THEATRE / The fruits of the loom: Paul Taylor reviews Derek Walcott's The Odyssey at the Barbican Pit

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The Independent Culture
HELEN of Troy is cheesed off - a bored femme fatale back now with her husband; a legend in 'her heyday's afternoon'. So she's not overly sympathetic when she's told that Odysseus has spent the 10 years since the War ended in a fruitless search for home. 'Well, at least he's travelling,' she pouts petulantly. Spending five minutes as one of his crew would be sufficient to shatter her quaint equation of travel with pleasure cruise.

At the start of Derek Walcott's splendid stage version of The Odyssey, there's the sound of crashing surf and the vision, briefly illumined behind the stretched dishcloth-sail, of faithful Penelope (Amanda Harris) far away in Ithaca, weaving the shroud that she unstitches each night as a delaying tactic against her suitors. The shuttle of his wife's loom - the shuttle of the tides on which Odysseus drifts. The sea and the idea of home haunt this adaptation with an especially piercing keenness ('Home] The word flails like a gull over wide water'), suggesting that the pains of exile are an experience the Nobel Laureate adaptor knows from the inside.

Directed with flair and resourcefulness by Greg Doran, this studio- sized Odyssey tries to do so many things at once, you have to laugh at the cheek with which it just about gets away with it. Set in a region that seems to conflate the Mediterranean and the Caribbean, it feels universalised beyond period or place. Its stand-in for Homer is an odd hybrid of a Greek bard and a modern, blind, black blues singer / beggar (Rudolph Walker). Offering a powerful introduction to this ancient myth of man's power of survival, the stage-treatment is also wittily self-knowing.

In that it boasts a protagonist who principally relies on his ingenuity and wits, the Homeric original was already shifting from the Iliad's valour-centred conception of heroism. With a nod to Joyce's Ulysses, Walcott's version takes that process further - as is evident at the start when all the big-name Greeks, gathered for Achilles's funeral, are kept waiting by Ron Cook's excellent Odysseus. Pint-sized, cheeky, provokingly unfussed, he ambles in with his bag, looking more like a dodgy plumber than a warrior. 'Sorry I'm late,' he says. Late? It's going to be the story of his life.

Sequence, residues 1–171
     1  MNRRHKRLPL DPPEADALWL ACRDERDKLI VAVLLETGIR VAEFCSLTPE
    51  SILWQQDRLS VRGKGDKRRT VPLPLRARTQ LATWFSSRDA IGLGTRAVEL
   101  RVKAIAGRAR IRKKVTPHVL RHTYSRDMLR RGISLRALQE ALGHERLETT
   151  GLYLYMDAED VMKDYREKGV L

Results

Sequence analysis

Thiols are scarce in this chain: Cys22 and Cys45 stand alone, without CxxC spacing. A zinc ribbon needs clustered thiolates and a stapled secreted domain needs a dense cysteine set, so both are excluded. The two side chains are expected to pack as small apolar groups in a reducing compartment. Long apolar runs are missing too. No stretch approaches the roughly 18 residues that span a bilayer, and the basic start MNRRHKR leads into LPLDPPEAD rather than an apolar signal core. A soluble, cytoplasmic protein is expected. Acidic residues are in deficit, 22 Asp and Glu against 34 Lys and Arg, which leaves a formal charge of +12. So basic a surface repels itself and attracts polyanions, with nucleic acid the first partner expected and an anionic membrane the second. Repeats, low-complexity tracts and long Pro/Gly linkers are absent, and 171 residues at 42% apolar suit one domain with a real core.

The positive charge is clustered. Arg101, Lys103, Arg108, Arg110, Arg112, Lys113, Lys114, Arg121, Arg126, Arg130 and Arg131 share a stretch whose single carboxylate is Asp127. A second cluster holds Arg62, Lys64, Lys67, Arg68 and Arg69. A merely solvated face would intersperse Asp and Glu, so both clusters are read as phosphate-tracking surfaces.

The hero's ordeals with the monsters are staged in a way that arrestingly blends humour and horror. My five-year-old assistant was particularly taken with the Cyclops, played by Geoffrey Freshwater as a bloated, flattery-fooled grotesque, with a triple-figure waist measurement, a single figure IQ and an Anglepoise magnifying lens (for his one eye) which sprouts out of his tin helmet. A cannibal with the table manners of a two-year-old, he is determined to wipe out thought, so when he discovers he is eating a bit of philosopher, he belches it back in order to squeeze the meat of juice between sadistic thumb and forefinger.

As a disguised Odysseus nears his goal, his mind is prey here to weird moments of deja vu. To the outraged eyes of Penelope (not yet aware that the stranger is her husband), the past also seems to be recycled when Odysseus, in a thrillingly staged sequence, kills all the suitors with bow and arrows. She castigates him for causing a second bloody Troy in her home. This modern attitude strikes the play's one false note. The other internal echoes have real reverberative depth: the haunting fact, say, that Penelope's loom is formed from the mast and ropes of her husband's ship.

Continues at the Pit (Box office: 071-638 8891).

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